Category Archives: textile techniques and tools

Now that it’s warm outside again, and there has been some rain, it’s time again to clean some wool… and I’m beyond excited that I managed to get my hands on another rare breed’s fleeces: I now have Waldschaf wool! … Continue reading

Posted in textile techniques and tools, work-related | 3 Comments

One of the recurring questions about my spindle sticks, especially from modern spinners, is “Why don’t they have a hook?” followed by “why don’t they have a notch?” and “how do you fix the yarn without hook or notch?” Finds … Continue reading

Posted in all the gory details, archaeology, spinning, textile techniques and tools, the market stall | 2 Comments

So, after finding out that my drawing skills are indeed horrible, let’s look a bit more at diverse instances of yarnwinders in actual historical artwork. Images of yarnwinders are not that straightforward to find, so I’ve been using the yarnwinder … Continue reading

Posted in all the gory details, textile techniques and tools | 2 Comments

Let’s start out with taking a closer look at the yarnwinder with the perpendicular arms. This is how it looks when yarn is wound onto it: As you can see, it sort of looks like a V-shape made by the … Continue reading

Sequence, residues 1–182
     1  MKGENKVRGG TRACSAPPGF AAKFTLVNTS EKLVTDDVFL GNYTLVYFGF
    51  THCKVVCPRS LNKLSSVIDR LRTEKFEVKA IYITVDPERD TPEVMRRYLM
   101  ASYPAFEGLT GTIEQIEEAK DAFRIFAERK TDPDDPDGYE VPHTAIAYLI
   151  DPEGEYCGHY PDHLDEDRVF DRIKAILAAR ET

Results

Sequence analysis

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One of the many interesting things made out of wood and related to textile work are yarnwinders. One style is rather well known and still in use today – it’s what is usually called a niddy-noddy. The design is very … Continue reading

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If you’ve ever done a spinning demonstration, you will probably have heard the Sleeping Beauty question at least once. If I had a Euro for every time that I’ve heard it… well, I’d be a good bit richer than I … Continue reading

Posted in spinning, textile techniques and tools | 2 Comments

Apart from the work on the Bernuthsfeld tunic, I’m also preparing for my bit of programme for the European Textile Forum, which is drawing closer and closer. In the usual mix of optimism (“I can do that! In time! No … Continue reading

Posted in tablet weaving, textile techniques and tools | 3 Comments